Fighting For Literacy, Through Poetry

Every season, the Poetry and Literature Center’s calendar includes one or more programs we’ve never tried before. The first such program of the spring will take place next Tuesday, with a symposium on poetry and literacy. It is the latest effort by the Library’s Literacy Awards Program, which for the two years has given three prizes, ranging from $50,000 to $150,000, to organizations. John Cole, chair of the Program, says the program as a whole “seeks to raise public awareness about the importance of literacy to all parts of our society” and adds of the symposium, “poetry can be an especially potent and enduring force in encouraging and empowering new readers and writers.”

Poetry and Literacy Symposium-Flyer FINAL

As part of our preparation for the symposium, John pointed to a chapter, “The Twin Menaces: Illiteracy and Aliteracy,” in a 49-page document published by the Joint Committee on the Library in 1984 called Books in Our Future: A Report from the Librarian of Congress to the Congress. In that chapter, then-Librarian Daniel Boorstin wrote, “We must face and defeat the twin menaces of illiteracy and aliteracy–the inability to read and lack of the will to read–if our citizens are to remain free and qualified to govern themselves.”

Best PracticesI am eager to see how the symposium documents such work, in its three panels: “Poetry and Literacy in the Schools,” “Poetry and Literacy with At-Risk Populations,” and “Addressing Aliteracy Through Poetry.” And I am proud of the organizations that our expert participants will represent. One organization, Power Poetry, was selected for the Literacy Awards “Best Practices” publication in 2014, as an example of “increasing motivation to read and write.” The other organizations taking part in the symposium are just as noteworthy–Free Minds Book Club & Writing Workshop and the National Endowment for the Arts are here in DC, while InsideOut Literary Arts Project , the Poetry Foundation, New York Writers Coalition, Teachers & Writers Collaborative, and Writers in the Schools are coming from around the country.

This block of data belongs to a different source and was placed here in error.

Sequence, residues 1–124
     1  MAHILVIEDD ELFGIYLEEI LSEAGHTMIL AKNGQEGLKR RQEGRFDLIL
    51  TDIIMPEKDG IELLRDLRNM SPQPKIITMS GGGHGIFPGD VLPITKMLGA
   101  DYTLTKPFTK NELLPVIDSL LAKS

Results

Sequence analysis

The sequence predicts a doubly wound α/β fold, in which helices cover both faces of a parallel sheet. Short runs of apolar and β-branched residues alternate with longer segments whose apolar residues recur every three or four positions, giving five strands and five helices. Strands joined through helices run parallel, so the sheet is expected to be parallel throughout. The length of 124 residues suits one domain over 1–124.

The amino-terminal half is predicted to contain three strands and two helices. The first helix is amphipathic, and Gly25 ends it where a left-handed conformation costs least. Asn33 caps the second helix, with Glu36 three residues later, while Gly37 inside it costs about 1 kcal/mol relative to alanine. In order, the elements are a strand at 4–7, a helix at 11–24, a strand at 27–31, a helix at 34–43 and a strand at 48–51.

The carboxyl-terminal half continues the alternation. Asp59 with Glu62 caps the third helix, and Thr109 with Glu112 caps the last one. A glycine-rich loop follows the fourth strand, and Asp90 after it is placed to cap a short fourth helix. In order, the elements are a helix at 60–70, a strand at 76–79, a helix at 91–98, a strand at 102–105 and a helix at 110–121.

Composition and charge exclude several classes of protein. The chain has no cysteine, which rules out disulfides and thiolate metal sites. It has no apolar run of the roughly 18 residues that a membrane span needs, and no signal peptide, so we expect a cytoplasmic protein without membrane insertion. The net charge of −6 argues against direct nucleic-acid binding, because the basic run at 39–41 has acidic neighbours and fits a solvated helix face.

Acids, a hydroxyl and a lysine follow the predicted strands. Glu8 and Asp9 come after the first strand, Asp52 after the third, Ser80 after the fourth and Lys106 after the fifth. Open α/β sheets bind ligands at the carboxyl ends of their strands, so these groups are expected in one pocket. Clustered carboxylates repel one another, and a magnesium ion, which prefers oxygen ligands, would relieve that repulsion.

The above orgs work to ensure that poetry plays an essential role in people’s lives–as a tool to express themselves and to more fully engage with the world around them. And they represent just a sample of the organizations doing such work. I know this first-hand–Poet Laureate Natasha Trethewey’s “Where Poetry Lives” project, for instance, featured InsideOut as well as the Pongo Teen Writing Project and Alzheimer’s Poetry Project. This symposium will offer the Library the opportunity to continue the conversation within our walls, as part of our efforts to promote books and reading.

Here is the complete listing of the symposium–please help us get the word out, and we hope to see you there!

Tuesday, March 3, 1:00-5:00 PM

The Poetry and Literature Center will present a series of panels exploring the connections between poetry and literacy. This event is free and open to the public. Co-sponsored by the Library of Congress Literacy Awards.

Hour-long panels include the following:

1:00 PM: Poetry and Literacy in the Schools featuring Terry M. Blackhawk (InsideOut Literary Arts Project), Amy Swauger (Teachers & Writers Collaborative), and Robin Reagler (Writers in the Schools)

2:15 PM: Poetry and Literacy with At-Risk Populations featuring Roland Legiardi-Laura (Power Poetry), Tara Libert (Free Minds Book Club & Writing Workshop), and Aaron Zimmerman (New York Writers Coalition)

3:30 PM: Addressing Aliteracy Through Poetry featuring Joe Callahan (826 DC), Robert Polito (Poetry Foundation), and Amy Stolls (National Endowment of the Arts)

Location: LJ-119, first floor, Thomas Jefferson Building <view map>
Contact: (202) 707-5394


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